A New Kind of Co-Op?

lhawkins - February 11, 2019

It’s come to the attention of many independent booksellers that certain large publishing houses are placing ads on social media featuring links to buy their titles on Amazon. To be clear, I’m talking about “sponsored” (i.e. paid) posts, not free content. Not just regular posts saying “Buy our book” and pointing to Amazon instead of one or more of their other customers (say, Barnes and Noble, Target, or maybe the hundreds of independent booksellers on Indiebound.org) or even posts pointing to the publisher’s own title page, where several buying options are usually displayed in a line, sometimes including the option of bypassing retailers altogether and letting the consumer buy directly from the publisher. Nope.
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I’m talking about major publishers paying to advertise one of their retail customers above all others to the general public. I haven’t seen, or heard from anyone else who has seen, any similar paid posts saying “Buy our book” at Indiebound. So I’m really interested in understanding the reasoning (the justification, if you will) behind this particular use of marketing dollars. Is it akin to some sort of co-op credit? Since Amazon has (almost) no physical space in which to create an end-cap or window display or hold an author event for which advertising co-op credits might be earned, is this an attempt to level the playing field? If so, then Godspeed, because goodness knows the rest of us have enjoyed too much privilege for too long.
In all seriousness, if anyone reading this has seen paid ads or sponsored posts by major publishers pointing to any other retail outlet, including but not limited to independents via Indiebound.org, please let me know.
If anyone reading this works for a major publisher and would like to share some insight, either on or off record, I would love to hear from you. This is just one more instance of what many independent booksellers see as not only morally questionable favoritism but a long-entrenched strategy of cutting off your nose to spite your face. It seems a given that independent bookstores pay you, the publisher, more per book than Amazon does for the exact same title. I don’t know where your other retail partners fall on the spectrum (I’m guessing somewhere in between Amazon and indies), but I do know that spending money to encourage customers to buy more of your books from the retailer who is going to pay you the least for them doesn’t really make a lot of sense on the surface. Please enlighten us all on the logic at play here.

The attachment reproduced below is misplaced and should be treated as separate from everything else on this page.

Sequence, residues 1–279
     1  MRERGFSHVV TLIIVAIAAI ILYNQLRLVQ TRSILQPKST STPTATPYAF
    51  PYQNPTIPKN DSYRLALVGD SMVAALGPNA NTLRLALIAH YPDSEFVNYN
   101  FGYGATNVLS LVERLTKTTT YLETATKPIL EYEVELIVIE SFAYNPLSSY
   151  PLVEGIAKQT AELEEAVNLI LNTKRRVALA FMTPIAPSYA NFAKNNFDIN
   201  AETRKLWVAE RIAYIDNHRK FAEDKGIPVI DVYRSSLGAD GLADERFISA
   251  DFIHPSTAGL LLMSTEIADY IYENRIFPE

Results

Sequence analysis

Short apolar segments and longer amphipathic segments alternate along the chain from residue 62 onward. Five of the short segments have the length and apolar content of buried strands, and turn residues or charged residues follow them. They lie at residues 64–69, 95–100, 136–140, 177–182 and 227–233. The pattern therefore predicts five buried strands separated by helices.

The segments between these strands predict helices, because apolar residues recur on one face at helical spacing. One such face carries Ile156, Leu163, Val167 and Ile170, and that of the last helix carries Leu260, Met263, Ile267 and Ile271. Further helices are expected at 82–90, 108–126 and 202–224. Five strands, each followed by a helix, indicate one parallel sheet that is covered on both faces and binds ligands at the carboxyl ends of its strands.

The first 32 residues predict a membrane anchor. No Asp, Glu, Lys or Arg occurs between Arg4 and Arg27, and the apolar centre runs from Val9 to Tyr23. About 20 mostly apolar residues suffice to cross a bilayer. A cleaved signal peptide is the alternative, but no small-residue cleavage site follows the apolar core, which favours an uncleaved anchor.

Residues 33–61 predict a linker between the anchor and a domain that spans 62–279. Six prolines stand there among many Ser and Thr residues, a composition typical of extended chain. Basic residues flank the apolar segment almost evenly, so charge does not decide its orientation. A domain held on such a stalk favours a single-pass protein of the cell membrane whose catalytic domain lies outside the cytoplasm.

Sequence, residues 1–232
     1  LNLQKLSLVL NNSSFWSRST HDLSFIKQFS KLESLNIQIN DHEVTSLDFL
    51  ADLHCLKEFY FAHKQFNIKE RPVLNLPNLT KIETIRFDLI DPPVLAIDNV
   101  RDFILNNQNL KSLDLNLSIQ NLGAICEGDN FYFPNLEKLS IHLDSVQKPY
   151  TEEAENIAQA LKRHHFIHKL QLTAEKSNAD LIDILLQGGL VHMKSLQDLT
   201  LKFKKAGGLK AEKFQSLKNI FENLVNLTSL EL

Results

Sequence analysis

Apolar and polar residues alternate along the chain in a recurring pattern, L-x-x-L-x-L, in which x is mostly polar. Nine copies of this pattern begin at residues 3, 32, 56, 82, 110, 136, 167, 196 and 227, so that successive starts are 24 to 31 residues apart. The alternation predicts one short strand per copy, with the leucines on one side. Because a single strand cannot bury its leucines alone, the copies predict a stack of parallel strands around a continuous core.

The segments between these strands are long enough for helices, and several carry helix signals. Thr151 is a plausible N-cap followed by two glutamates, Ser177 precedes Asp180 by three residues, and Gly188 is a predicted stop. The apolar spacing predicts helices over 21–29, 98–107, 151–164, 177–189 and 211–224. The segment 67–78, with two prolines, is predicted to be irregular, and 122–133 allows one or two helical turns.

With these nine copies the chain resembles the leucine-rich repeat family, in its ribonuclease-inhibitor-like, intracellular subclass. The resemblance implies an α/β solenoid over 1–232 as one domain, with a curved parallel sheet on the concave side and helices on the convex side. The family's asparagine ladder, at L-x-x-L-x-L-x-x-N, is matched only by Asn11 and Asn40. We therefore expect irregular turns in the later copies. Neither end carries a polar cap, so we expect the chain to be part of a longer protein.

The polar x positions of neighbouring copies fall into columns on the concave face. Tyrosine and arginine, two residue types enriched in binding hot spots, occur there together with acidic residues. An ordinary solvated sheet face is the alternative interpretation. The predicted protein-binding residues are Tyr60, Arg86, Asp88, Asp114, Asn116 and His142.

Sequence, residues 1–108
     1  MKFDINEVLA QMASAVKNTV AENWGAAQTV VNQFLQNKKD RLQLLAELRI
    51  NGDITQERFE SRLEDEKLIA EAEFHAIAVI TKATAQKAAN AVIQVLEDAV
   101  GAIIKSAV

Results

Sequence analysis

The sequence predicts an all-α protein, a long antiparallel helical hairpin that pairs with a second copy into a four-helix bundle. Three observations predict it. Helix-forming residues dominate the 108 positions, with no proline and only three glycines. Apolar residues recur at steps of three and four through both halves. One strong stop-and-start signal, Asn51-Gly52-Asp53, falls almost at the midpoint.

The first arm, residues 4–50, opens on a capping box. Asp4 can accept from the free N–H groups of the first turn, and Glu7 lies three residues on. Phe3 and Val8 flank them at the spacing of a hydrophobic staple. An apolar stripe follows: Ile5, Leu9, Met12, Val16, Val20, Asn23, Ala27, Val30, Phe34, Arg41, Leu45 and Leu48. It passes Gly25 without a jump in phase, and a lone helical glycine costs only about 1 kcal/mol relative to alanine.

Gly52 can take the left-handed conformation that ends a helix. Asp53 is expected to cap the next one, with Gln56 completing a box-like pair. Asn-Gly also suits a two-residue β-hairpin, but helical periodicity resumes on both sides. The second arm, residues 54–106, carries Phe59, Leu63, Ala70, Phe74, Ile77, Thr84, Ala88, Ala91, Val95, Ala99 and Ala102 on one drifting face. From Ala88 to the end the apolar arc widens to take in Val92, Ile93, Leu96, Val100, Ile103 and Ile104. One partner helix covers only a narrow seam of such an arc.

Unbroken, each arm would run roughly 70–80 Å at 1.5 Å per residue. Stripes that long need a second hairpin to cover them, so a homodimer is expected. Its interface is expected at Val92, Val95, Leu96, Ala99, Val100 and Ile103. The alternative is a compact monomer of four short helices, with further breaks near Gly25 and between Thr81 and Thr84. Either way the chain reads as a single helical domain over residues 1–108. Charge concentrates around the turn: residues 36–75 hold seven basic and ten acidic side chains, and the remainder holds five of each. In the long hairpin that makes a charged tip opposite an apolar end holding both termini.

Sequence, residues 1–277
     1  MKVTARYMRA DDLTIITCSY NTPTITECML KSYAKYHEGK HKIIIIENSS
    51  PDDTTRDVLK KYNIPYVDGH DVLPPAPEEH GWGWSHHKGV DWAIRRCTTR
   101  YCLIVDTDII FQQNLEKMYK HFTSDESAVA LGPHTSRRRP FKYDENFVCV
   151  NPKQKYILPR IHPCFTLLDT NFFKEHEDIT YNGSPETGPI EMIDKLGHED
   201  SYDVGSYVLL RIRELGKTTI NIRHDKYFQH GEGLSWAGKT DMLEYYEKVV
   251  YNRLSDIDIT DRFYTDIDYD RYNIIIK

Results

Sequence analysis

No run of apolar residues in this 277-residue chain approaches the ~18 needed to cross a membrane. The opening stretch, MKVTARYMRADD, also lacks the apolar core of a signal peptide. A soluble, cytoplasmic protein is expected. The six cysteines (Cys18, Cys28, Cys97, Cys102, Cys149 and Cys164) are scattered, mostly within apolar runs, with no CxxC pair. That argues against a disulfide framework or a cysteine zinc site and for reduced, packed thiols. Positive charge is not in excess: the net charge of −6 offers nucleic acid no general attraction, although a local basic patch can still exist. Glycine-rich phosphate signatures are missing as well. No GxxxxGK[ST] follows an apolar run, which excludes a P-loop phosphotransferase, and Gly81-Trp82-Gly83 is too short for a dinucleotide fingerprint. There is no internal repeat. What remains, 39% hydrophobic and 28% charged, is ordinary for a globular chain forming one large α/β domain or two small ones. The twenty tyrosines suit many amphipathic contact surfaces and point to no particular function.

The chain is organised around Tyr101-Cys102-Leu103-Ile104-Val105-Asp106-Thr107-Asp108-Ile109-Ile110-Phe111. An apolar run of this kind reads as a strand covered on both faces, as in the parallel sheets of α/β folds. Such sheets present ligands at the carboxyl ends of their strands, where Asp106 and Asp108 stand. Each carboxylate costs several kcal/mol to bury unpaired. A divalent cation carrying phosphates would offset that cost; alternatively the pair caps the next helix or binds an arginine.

Meanwhile, I’m going to order some temporary tattoos of the phrase “Wherever books are sold” to send to some of my vendors.

3 thoughts on “A New Kind of Co-Op?

  1. Peter Glassman

    This is just another example of ways in which publishers — despite all their talk of supporting independent bookstores — undermine us. I get so tired of seeing offers of 10-20% discounts when I visit publisher’s websites. If they won’t support their own retail prices, how are we supposed to do so? I truly believe that most of the people we booksellers interact with at publishing houses truly support us — it’s just very obvious from Leslie’s observations above and such things as their discounts on their own websites that their is a whole other contingent at publishing houses that either doesn’t support us or doesn’t care that their policies hurt us. After 43 years as an independent bookseller, it’s very discouraging.

  2. byallmeanscommander

    Could these posts from publisher potentially be affiliate link? This would mean that the publisher would get back an affiliate commission on the sale if it goes through Amazon (maybe 3-5%)? In other words, they feed the beast but take a slice in doing so.


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